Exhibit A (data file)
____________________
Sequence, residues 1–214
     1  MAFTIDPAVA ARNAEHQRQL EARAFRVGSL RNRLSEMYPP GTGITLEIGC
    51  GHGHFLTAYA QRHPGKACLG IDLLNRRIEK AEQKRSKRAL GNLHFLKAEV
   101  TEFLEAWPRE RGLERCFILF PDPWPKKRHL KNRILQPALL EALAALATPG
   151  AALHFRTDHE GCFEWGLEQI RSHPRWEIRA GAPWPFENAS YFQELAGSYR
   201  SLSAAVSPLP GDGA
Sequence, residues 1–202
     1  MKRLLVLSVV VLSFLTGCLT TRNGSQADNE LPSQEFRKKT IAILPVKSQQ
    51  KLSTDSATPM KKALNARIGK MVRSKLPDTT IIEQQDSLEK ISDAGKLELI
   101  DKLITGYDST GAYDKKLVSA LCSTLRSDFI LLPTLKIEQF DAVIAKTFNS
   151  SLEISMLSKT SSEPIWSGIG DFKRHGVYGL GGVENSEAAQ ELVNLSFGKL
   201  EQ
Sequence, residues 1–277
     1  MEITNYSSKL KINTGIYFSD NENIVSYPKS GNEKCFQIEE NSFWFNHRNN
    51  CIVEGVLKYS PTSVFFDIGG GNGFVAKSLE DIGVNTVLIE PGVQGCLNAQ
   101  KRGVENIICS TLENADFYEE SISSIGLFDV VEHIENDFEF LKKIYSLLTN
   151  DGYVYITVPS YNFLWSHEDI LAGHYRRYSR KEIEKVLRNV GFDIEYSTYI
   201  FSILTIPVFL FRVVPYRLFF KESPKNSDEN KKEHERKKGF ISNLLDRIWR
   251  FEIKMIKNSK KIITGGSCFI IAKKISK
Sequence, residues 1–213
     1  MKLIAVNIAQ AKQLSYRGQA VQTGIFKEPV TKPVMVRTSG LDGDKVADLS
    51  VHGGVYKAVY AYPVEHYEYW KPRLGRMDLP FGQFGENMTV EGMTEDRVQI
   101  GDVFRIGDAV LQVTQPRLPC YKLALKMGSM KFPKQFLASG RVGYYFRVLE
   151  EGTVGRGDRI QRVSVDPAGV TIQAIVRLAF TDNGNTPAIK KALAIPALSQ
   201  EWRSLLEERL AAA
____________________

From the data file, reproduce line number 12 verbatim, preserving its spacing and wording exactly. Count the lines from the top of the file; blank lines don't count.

   201  EQ